The Public Eye: Expert sees conflict in consultant's ties to Sacramento City superintendent
It's hard to summarize this story about the Broad Foundation. 'Conflict of interest' is a nice way to put it. 'Fraud' seems more accurate. There's nothing "independent" about Katzir.
Put his name into a 'search' on this site and you will be reminded that he was key player in the early data mining by the Feds.
Take a look at the company he keeps.
There's plenty more. Just search his name.
by Diana Lambert
Dan Katzir was at the table in a closed-door session in February when Sacramento City Unified School Superintendent Jonathan Raymond was evaluated by the school board.
The consultant had been paid $43,000, in part to develop a superintendent evaluation instrument and to facilitate the evaluation, according to a contract obtained from the district. He also has been paid $72,500 for various other consulting services.
When Katzir is not acting as an independent consultant, he is the senior adviser for the Eli and Edythe Broad Foundation. In documents as recent as 2011, Katzir has been listed as the managing director of the foundation.
Sacramento City Unified's Raymond is a 2006 graduate of the foundation's Superintendent's Academy.
The academy clearly wants its graduates to succeed. The reform-minded nonprofit helps them find jobs as school district superintendents. They often help them pick their cabinet members and send teams to audit their new district's lowest performing schools -- all for free.
After Raymond was hired in 2009 the foundation did pro bono work for Sacramento City Unified, confirmed Diana Rodriguez, the current school board president.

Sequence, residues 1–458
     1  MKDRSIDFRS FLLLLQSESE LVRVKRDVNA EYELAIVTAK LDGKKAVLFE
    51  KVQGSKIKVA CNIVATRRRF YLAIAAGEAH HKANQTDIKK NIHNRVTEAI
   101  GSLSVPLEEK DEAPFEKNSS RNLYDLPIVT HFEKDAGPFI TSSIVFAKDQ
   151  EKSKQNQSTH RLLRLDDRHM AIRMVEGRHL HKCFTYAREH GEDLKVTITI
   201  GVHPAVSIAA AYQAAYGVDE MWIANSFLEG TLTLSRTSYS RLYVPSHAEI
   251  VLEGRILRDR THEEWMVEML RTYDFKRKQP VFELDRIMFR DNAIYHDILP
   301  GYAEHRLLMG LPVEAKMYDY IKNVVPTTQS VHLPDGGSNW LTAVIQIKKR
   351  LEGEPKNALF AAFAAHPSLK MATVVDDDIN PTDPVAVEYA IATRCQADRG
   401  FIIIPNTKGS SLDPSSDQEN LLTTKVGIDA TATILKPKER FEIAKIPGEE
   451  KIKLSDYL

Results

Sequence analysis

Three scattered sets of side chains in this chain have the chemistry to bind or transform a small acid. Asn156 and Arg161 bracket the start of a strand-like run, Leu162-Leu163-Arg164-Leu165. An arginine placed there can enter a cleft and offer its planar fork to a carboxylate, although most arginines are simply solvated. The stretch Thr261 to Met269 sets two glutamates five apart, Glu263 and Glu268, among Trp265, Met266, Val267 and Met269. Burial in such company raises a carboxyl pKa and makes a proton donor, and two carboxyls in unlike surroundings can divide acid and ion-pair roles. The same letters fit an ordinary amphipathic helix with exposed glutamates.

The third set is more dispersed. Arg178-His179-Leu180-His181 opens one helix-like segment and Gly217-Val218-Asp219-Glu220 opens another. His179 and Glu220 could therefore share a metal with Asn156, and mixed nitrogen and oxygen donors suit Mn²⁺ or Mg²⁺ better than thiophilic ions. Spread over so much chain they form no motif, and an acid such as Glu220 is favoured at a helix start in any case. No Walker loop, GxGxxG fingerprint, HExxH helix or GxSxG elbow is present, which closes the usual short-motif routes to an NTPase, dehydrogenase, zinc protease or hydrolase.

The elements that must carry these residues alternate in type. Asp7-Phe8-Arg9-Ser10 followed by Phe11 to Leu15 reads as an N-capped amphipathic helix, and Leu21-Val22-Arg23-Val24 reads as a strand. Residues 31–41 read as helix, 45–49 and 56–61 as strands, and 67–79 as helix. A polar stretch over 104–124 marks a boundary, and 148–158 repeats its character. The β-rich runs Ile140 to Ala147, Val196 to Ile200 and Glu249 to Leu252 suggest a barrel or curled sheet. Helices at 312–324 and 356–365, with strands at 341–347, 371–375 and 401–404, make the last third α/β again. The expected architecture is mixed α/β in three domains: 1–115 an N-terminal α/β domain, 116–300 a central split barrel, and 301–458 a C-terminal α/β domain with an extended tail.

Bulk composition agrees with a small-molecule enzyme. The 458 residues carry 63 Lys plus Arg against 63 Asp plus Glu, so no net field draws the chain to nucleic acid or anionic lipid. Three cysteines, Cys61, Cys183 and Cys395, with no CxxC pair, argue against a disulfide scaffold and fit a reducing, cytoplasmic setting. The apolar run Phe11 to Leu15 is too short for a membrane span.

By January 2011 Katzir had his first contract with the district.
Christina Bellon, director of the Center for Practical and Professional Ethics at Sacramento State, said Katzir's involvement in the evaluation process is a conflict of interest.
"His impartiality is in question," she said. "He is directly involved in the process of the evaluation of a former student of the academy of which he has a professional or monetary investment."
She said the conflict would have existed even if Katzir hadn't been paid for the work by the district because there is the perception that "he could structure the process so the results were likely to be a favorable review."
Bellon said the foundation's pro bono work at the district makes the paid contracts even more questionable. "Even if they could be impartial, it would raise questions," she said. "It looks like quid pro quo."
So why did the school board approve the contracts, especially for the evaluation?
"I raised the question (about potential conflict)," board member Gustavo Arroyo said, but a majority of the board decided it was OK to go ahead with it."
Bellon said this situation should raise concerns about how decisions are being made at the school district. Decisions like this, she said, could damage the reputation of both the school district and the foundation.
Katzir should have known better, she said. "It's hard to say no to a $80,000 contract."
Katzir could not be reached for comment.